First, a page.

While Melissa's meal was basically sauteed chicken and veggies, the seasonings were decidedly Korean. Way to spicy for her usual tastes. She really did try though. I was proud. She made a real effort to try something new.

Jack ate all of his chicken and half of Melissa's plain white rice.

As usual for me, I ate everything.

This weekend I'm going to bust my butt cooking anything Melissa wants for dinner.




Monday, July 14, 2008

Thank you Aunt Liza!

For Christmas, my brother Joe and his wife Liza (which means Liza) bought our family a 2 year membership to the Singapore Science Center. Jack and Melissa have now been three times and I took my first visit yesterday. The place is pretty cool. It's clearly geared toward kids, but it's huge. You can easily spend an entire day there. It's kind of like a cross between a science museum and a children's museum.

There's exhibits on everything from bacteria and the human body, biology and chemistry, to technology and the internet. For a 6 year old boy, it's a great place to explore.

Another great thing about it is that it's only a 10 minute walk from a subway station. Melissa and Jack can hop onto the train in our neighborhood and it's only about a 15 minute ride.

We spent a few hours there on Sunday afternoon. Jack and Melissa led me through the maze of exhibits while I struggled to keep up. Jack was so excited to show me all of his favorite things, he was practically pulling me through some of the rooms.

By far, his favorite thing is "The Marbles." At least that's what he calls them. These marbles are more close to the size of bowling balls and baseballs. There's a few different levers or wheels that you can turn to lift the different balls, then you watch them roll down a number of different tracks.

The other thing he really enjoys it the outdoor water area. There's a bunch of water "exhibits" for kids to play with. After her first trip, Melissa learned to bring a bathing suit with her for Jack to change into.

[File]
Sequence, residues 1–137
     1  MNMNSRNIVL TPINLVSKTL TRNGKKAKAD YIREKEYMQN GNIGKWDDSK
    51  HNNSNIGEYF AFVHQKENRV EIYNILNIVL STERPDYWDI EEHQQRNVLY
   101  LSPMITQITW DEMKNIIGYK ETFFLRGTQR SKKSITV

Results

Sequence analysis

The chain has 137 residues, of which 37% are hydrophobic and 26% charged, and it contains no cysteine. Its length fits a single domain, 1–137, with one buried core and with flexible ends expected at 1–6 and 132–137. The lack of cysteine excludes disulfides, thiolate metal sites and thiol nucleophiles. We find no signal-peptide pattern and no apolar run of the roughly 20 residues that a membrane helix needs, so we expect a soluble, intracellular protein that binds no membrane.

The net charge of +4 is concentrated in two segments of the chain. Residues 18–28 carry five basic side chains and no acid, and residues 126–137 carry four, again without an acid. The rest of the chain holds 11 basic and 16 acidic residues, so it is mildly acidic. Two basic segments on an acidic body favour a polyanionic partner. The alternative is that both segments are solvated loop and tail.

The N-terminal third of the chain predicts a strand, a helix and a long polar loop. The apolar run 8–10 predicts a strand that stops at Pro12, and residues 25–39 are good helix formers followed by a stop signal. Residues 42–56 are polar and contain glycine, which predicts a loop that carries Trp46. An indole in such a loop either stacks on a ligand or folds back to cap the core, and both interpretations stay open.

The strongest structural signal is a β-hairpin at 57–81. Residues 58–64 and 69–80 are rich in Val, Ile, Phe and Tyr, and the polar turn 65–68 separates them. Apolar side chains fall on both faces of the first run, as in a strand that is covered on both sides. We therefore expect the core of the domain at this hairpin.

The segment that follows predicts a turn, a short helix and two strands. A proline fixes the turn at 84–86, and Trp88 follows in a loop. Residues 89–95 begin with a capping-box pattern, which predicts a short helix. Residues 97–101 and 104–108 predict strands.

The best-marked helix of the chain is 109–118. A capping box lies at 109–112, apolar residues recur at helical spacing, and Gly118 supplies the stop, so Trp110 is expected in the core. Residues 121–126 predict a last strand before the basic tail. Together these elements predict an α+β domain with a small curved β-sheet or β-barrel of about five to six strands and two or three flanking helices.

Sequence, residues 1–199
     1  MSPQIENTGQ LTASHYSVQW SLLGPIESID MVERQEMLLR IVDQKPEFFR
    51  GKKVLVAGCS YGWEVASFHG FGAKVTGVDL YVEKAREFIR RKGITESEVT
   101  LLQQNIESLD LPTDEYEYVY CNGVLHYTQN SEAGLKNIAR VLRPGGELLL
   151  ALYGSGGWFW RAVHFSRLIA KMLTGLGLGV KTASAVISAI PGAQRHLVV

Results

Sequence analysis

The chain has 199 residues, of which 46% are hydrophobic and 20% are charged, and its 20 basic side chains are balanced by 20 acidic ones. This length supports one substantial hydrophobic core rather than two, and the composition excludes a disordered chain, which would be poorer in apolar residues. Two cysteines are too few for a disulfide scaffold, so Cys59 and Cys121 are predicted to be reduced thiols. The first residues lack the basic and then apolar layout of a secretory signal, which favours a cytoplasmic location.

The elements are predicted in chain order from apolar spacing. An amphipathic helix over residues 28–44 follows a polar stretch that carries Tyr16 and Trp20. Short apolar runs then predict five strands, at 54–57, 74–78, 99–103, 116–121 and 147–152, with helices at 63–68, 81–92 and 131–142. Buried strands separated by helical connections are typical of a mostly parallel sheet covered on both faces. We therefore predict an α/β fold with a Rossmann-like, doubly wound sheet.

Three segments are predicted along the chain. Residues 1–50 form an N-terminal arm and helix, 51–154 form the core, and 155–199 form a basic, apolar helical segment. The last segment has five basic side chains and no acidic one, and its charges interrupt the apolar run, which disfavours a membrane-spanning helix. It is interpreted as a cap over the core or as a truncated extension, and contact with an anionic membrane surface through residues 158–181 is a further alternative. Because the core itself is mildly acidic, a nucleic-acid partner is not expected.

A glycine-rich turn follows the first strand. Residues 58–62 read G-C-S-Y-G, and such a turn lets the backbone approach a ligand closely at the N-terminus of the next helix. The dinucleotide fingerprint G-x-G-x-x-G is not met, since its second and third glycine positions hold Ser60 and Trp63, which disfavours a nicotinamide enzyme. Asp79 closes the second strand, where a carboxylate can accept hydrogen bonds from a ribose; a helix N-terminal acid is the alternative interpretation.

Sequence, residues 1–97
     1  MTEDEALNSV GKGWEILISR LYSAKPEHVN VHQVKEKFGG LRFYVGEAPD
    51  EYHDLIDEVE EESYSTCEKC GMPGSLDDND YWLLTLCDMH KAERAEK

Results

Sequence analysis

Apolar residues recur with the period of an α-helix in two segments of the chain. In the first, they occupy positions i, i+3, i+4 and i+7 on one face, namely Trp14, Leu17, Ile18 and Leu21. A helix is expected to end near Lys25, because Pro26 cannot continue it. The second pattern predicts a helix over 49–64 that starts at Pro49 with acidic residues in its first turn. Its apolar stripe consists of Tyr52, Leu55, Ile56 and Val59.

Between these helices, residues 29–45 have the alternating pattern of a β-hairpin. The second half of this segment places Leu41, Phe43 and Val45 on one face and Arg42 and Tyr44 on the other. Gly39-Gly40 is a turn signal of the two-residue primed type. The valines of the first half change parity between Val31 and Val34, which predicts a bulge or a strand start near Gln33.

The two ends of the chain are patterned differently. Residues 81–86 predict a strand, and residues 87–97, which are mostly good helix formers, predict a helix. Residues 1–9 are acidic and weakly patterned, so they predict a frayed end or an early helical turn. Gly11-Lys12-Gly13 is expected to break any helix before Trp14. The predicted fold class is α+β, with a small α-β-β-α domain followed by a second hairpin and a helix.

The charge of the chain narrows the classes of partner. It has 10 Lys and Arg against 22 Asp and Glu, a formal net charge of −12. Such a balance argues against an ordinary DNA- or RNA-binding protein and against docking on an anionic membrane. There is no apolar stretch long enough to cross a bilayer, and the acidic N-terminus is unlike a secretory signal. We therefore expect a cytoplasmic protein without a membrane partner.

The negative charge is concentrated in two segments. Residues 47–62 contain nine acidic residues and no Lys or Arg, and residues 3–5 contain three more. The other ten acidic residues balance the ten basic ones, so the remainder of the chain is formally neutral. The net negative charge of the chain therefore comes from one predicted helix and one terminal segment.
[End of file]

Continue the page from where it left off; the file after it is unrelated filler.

Overall, a good place to spend a weekend afternoon. Especially when Aunt Liza is paying.

If you'd like to see some more pictures, I uploaded them to Snapfish.

Sunday, July 6, 2008

Only in Asia

Yup. That is what it looks like.

A mashed potato machine.

For only S$1.20, you to can have a cup of mashed potatoes with gravy dispensed directly from a machine at 7-11.

We we're walking through the mall after visiting Ikea and Jack said he was thirsty. We all wanted a drink, so Jack and I waited outside while Melissa went in and got 2 waters and a pineapple slurpee.

I looked through the glass door to see where Melissa was in the line and saw this machine. I shouldn't have been, but I really was pretty impressed. Now I know that when I'm walking past 7-11 and I just happen to get a craving for mashed potatoes and gravy, I'm all set.

And if you're wondering if I tried any...I did not. I'd just eaten 4 slices of pizza and I was full. I'll go back another time and report on the quality of 7-11 mashed potatoes.

Friday, July 4, 2008

Indiana Jones and the Curse of the Lego Monster